In the time that I have had to deal with Celiac Disease, the one thing that strikes me as being most difficult for others (non-celiacs) to understand is the whole “cross contamination” issue.
On one hand, I fully understand why there is a disconnect when it comes to truly understanding what those words mean…. I mean, you hear someone can’t have gluten….then you figure out (sort of) what gluten IS. So then you think, alright – just avoid foods that have wheat,barley, rye and oats (I know, technically not gluten, but that is another issue). So you think, no worries! I will make some cookies that use other flour and it will be totally gluten free. Then when the celiac can’t eat it you wonder, “what the heck?!?” Or you pick the croutons off of a salad and wonder why your friend is puking their guts out 20 minutes later….
When most people have allergies or are on diets, we (as a society) tend to think of that as meaning “these people must eat LESS of a certain type of food.” People rarely make the connection to “these people must NEVER eat ANY of this kind of food.” (with the exception of peanut people…) …and even if a certain segment of society gets that far, they often fail to grasp that “ANY” means “ANY – including microscopic particles.”
Ever since I have been in this altered-plane of existence (being gluten free), I find myself watching things (constantly) that I never really paid attention to before. Like:
* Whether a plate with my food is carried above a plate containing food with gluten.
* Whether someone at a party is leaning over the gluten free food while munching on normal crackers.
* Whether the waiter/waitress handles a plate containing gluten foods and then uses the same hand to grab my plate.
* Where the waiter/waitresses’ thumb goes in relation to my plate (invariably, IN my plate)
* Whether people are taking serving utensils from the gluten free food and using them for other things temporarily. (also known as “Why I Can’t Eat at Buffets Anymore”)
* When a bag of GF chips are opened at a party, if someone has reached into it for chips or whether they pour them onto a plate or bowl.
* Whether my daughter touches a table-top in a restaurant while eating a meal.
* The faces of other celiacs when they spot something going awry with the above examples.
* The faces of friends / acquaintances when I interrupt a seemingly normal conversation by leaping backwards and clutching my personal bag of Cool Ranch Doritos to my chest like I am shielding a baby from a lion attack….all because someone came up and tried to grab a handful of chips out of my bag after eating a sandwich.
In all of these situations (and so very many more…), I am not afraid that I will be eating food that contains gluten…I am afraid of having my gluten free food cross-contaminated by people who have TOUCHED gluten. Often times, the first question I get asked when discussing that I cannot have ANY gluten is, “Well, how much gluten can you have without having an allergic reaction?” (This is wrong on so many levels, never mind that Celiac Disease is not an allergy but an auto-immune disease….but I digress…) I can explain the whole “20 parts-per-million” thing until I am blue in the face, and people will nod politely, but so far, the only method I have found to really convey what cross contamination is like for a celiac is this:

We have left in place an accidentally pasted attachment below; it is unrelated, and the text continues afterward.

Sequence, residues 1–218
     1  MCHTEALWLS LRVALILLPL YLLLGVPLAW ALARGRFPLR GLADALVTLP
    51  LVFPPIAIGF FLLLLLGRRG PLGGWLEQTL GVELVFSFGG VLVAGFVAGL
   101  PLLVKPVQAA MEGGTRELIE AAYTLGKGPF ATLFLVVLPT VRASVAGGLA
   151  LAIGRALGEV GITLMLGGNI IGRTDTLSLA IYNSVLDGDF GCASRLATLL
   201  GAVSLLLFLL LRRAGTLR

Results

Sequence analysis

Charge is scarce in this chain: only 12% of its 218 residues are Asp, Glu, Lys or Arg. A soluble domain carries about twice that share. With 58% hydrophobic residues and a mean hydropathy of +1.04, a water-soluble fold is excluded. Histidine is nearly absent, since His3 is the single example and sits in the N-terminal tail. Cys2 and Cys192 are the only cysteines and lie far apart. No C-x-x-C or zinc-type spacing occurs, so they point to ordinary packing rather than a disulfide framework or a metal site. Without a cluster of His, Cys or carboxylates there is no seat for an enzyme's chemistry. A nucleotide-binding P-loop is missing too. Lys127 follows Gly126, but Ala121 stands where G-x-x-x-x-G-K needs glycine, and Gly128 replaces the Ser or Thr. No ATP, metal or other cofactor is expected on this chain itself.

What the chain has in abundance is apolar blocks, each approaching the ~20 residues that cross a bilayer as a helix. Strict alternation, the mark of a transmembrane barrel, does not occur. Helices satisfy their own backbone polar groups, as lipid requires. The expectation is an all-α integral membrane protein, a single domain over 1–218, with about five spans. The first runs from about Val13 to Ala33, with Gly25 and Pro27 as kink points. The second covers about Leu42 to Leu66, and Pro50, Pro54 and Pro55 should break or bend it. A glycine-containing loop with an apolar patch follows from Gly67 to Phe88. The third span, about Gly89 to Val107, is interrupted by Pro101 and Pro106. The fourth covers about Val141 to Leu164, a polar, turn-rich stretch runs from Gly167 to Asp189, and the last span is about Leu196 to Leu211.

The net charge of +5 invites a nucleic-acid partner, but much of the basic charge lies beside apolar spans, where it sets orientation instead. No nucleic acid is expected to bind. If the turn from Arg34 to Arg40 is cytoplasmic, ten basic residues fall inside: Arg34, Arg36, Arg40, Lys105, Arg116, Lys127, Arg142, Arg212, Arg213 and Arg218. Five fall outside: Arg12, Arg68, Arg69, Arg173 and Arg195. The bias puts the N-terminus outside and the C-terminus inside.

I look people straight in the eye and ask them how much rat poison is okay for them to ingest. I ask them how comfortable they would be eating dinner if the waiter’s thumb had touched the plate after he had set down a bowl of rat poison on the table right before mine. This usually elicits a weird, puzzled reaction from the person I am conversing with, so I have to quickly follow up with the missing connection:
“See, gluten is poisonous to me….so having someone handle my food after handling gluten is just like them handling YOUR food after handling rat poison. I’m sure you’d be watching to make sure they wash their hands and put on clean gloves. You’d be paying attention to see that your plate is above the rat poison plate and not being jostled while being carried below it. You’d keep an eye on that sneaky opposable thumb that always seems to end up IN your plate just after being in the rat poison plate, and you’d certainly freak out if someone whose hands were covered in rat poison tried to reach into your bag of chips! Heck, half the time you might think about going to dinner and after picturing all that rat poison all over the restaurant kitchen just decide it isn’t worth the effort of going out.”
Suddenly I see a light-bulb go off. The mysterious “GLUTEN” suddenly is something tangible that normal, non-celiacs can understand…their brains are visualizing something akin to a yellow box with a cartoon rat-face with X’s for eyes…. suddenly it isn’t this picky diet thing that no one understands… it is RAT POISON, and who the heck doesn’t understand that???
I have found that this technique works well among friends, but it works particularly well among strangers, because in reality, you only have a few seconds to get them to “get it” so you can move on to discussing something more enjoyable….like anything else in the world except gluten…… and I have found that this makes for a very memorable impact, and hopefully spares the next celiac from having to explain the whole reason they can’t eat any of the gluten free food that was provided at an event sometime in the future.
(sometimes I wonder if people in the 1800’s would have better understood the concept of “germ theory” better, had the scientists of the day just said, “It’s like touching rat poison – you might not see it on your hand, but you sure wouldn’t want to stick that hand in your mouth without washing it off first!”)
And don’t be fooled – my “rat poison” theory isn’t JUST a gimmick. (I say “just” because on one hand it IS a gimmick, but it happens to be true, too.) Gluten is like rat poison to us celiacs. Many times people focus on how sick some celiacs get when exposed to gluten, but bear in mind that that sickness is just a symptom of the disease….it is just a warning that serious damage is being done. A celiac exposed to gluten has a shorter life expectancy, so gluten has every bit as much potential to kill as rat poison does….it may be slower, but it can be just as painful, and the end result is the same: death.